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NBC Shutters Hyper-Local News And Information Site EveryBlock After Failing To Find The Right Business Model

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It’s not easy trying to make money as a hyper-local network these days (just ask AOL’s Patch), but in a surprising move, NBC just announced that it is shutting down EveryBlock, the Knight Foundation-backed news and information site MSNBC acquired in 2009. In an email to Poynter.org, Senior Vice President and Chief Digital Officer of NBC News Vivian Schiller wrote that the service “wasn’t a strategic fit with our growth strategy and — like most hyperlocal businesses — was struggling with the business model.”

On its own blog, the EveryBlock team also cites the “increasing challenges to building a profitable business” around neighborhood news as the reason the service is shutting down.

It’s no secret that the news industry is in the midst of a massive change. Within the world of neighborhood news there’s an exciting pace of innovation yet increasing challenges to building a profitable business. Though EveryBlock has been able to build an engaged community over the years, we’re faced with the decision to wrap things up.

EveryBlock launched during the heady days of what many expected to be a revolution around local news. The service received a $1.1 million grant from the Knight Foundation in 2007 and was then snapped up by MSNBC in 2009. The idea behind the site was to provide citizens with local information about their neighborhoods. EveryBlock aggregated public records and local news and offered a forum for neighbors to talk to each other.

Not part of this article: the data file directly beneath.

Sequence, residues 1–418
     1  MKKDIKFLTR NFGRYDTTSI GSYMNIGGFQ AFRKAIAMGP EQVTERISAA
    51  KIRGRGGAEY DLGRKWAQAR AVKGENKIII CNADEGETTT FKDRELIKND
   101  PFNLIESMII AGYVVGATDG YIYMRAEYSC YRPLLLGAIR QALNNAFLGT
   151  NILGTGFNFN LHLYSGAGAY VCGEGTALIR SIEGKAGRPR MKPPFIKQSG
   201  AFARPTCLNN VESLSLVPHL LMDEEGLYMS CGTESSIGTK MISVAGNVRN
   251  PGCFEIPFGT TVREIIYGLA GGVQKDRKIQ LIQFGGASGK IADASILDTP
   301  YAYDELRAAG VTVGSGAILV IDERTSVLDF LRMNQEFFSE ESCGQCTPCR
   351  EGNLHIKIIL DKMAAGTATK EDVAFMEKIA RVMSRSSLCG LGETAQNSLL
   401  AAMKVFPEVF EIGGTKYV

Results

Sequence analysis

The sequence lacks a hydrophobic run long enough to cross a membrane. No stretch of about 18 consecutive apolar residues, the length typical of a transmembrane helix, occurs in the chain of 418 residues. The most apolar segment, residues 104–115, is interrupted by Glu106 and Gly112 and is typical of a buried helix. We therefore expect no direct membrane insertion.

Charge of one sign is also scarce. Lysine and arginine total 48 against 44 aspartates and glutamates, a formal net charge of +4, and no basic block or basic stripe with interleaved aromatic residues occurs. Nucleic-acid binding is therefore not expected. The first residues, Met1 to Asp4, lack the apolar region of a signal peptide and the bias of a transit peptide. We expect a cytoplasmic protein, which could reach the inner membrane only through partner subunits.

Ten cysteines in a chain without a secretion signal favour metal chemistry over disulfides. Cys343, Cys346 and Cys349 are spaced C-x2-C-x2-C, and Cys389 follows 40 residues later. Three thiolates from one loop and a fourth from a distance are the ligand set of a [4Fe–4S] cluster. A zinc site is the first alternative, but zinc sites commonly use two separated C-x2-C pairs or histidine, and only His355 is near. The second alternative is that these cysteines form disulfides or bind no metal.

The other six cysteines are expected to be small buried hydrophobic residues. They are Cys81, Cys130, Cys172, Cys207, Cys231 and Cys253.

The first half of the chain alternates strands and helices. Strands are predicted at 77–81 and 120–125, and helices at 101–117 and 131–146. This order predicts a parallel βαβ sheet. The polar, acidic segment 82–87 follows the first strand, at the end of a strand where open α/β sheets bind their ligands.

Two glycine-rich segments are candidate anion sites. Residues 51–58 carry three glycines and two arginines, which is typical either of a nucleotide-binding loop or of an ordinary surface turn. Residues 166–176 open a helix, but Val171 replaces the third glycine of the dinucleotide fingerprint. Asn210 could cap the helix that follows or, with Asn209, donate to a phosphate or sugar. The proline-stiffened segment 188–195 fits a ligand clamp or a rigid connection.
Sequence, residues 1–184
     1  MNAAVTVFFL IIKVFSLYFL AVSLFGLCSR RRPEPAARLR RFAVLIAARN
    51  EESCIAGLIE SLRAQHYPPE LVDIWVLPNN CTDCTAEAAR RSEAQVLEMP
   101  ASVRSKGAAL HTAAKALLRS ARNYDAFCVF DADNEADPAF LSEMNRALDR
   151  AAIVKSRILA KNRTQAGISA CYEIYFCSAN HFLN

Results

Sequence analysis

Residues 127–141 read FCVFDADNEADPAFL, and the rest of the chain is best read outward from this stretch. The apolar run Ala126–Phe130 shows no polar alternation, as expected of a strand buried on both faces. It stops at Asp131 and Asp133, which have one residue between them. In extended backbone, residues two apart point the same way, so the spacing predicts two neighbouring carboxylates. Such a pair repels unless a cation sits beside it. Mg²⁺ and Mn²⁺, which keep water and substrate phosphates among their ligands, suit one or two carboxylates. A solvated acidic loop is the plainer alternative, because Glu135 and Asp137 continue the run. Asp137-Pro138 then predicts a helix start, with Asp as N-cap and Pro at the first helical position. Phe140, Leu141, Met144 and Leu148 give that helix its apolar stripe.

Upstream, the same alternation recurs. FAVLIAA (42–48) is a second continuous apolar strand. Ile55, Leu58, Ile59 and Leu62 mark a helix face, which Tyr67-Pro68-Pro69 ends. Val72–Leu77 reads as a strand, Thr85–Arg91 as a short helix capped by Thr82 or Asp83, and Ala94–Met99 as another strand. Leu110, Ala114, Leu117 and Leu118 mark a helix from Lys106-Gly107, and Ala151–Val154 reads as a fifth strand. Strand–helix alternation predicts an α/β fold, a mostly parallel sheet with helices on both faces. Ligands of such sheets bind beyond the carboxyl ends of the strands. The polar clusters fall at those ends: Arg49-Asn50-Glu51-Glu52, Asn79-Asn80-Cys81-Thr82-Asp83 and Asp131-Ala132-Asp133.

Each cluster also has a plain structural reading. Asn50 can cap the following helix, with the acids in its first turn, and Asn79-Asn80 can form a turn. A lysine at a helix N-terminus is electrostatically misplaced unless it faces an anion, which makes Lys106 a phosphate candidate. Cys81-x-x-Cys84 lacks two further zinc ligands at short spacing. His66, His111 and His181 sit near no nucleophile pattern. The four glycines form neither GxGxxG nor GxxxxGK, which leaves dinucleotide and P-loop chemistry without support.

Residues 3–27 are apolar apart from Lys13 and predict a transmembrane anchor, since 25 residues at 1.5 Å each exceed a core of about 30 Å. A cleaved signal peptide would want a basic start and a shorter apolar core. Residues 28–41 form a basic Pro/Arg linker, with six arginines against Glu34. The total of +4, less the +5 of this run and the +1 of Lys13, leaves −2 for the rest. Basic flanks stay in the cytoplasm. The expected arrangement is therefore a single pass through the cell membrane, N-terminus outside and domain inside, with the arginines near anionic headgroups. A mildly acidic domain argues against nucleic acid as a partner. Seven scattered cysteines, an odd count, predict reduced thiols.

The service’s founder Adrian Holovaty left the site last August. On his own blog, Holovaty notes that he “had no idea NBC News would be shutting [EveryBlock] down” when he left. Indeed, he expected it to be around for a “long, long time” and his feeling was that NBC was “optimistic about the site’s future.”

If you are totally heartbroken about the site’s demise, the good news is that you can still download the original open-source code the team uploaded three years ago and start your own attempt at revolutionizing local news and information. Just know that it’s really hard to turn this into a profitable business.

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